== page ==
What’s love got to do with it? Marriage and the security state

Sita Balani*

*Corresponding author for this work

Research output: Contribution to journalArticlepeer-review


This article explores how marriage animates the racial logic of the security state. While the pursuit of romantic love culminating in a wedding is considered to be a universal good, arranged marriages are viewed as a dangerous anachronism which threaten the state’s authority. By revealing the animating force of arranged marriage in the UK immigration regime and the War on Terror, we can see the central role of love marriage within the principles of choice, autonomy and individuality around which the liberal subject organises their moral economy. The legalisation of gay marriage – constructed as a kind of love marriagepar excellence – becomes the means through which the nation state can uphold this moral economy and be renewed and reinvigorated in the process. By putting gay marriage in dialogue with arranged marriage, the gendered and racial configuration of the UK as a security state becomes visible.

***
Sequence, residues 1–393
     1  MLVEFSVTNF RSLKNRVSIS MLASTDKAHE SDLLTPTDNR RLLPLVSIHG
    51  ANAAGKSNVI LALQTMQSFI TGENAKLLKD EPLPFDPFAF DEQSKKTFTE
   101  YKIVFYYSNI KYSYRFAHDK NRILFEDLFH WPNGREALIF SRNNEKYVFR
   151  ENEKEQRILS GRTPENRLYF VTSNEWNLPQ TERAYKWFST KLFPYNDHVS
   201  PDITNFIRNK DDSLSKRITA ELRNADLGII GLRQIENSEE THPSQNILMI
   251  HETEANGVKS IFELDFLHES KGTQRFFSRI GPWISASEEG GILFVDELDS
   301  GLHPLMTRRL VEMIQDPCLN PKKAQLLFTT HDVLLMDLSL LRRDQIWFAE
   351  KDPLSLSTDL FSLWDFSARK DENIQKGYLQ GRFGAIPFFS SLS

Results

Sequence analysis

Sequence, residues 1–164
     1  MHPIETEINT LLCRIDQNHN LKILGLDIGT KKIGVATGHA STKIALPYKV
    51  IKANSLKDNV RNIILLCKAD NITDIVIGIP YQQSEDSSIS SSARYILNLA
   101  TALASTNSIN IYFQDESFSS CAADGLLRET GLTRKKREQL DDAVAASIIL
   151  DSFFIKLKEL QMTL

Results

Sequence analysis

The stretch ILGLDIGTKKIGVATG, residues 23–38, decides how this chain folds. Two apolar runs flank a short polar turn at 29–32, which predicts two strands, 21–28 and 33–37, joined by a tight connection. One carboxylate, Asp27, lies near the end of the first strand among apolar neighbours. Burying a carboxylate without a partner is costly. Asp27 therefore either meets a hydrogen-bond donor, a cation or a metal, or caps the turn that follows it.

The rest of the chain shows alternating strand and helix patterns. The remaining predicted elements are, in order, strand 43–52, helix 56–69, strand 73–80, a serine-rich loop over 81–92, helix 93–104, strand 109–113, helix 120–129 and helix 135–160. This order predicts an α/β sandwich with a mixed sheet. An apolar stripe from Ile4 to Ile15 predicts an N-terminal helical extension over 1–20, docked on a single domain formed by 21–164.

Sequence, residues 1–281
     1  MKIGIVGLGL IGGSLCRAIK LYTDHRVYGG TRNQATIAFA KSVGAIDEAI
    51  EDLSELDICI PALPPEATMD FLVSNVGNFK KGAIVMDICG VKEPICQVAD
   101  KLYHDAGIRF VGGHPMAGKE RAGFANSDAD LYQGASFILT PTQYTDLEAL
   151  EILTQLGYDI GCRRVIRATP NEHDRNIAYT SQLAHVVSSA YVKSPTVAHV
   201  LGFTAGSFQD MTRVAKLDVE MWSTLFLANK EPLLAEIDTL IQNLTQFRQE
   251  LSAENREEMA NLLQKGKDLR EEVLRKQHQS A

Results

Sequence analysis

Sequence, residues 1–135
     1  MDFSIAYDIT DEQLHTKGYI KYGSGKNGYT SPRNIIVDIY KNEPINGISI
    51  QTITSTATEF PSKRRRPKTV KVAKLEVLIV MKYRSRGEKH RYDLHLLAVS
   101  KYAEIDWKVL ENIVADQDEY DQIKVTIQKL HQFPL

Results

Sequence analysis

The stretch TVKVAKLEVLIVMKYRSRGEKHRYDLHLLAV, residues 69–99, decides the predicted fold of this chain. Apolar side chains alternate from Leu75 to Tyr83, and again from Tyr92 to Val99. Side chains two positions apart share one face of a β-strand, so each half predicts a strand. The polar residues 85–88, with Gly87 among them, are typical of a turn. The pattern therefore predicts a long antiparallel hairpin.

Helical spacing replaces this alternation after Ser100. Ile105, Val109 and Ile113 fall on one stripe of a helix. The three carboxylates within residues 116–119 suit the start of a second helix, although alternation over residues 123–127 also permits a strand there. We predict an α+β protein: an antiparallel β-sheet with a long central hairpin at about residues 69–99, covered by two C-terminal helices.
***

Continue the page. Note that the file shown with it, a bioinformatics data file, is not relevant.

Original languageEnglish
Publication statusAccepted/In press - 2021


  • Immigration
  • marriage
  • postcolonial
  • queer
  • security
  • War on Terror


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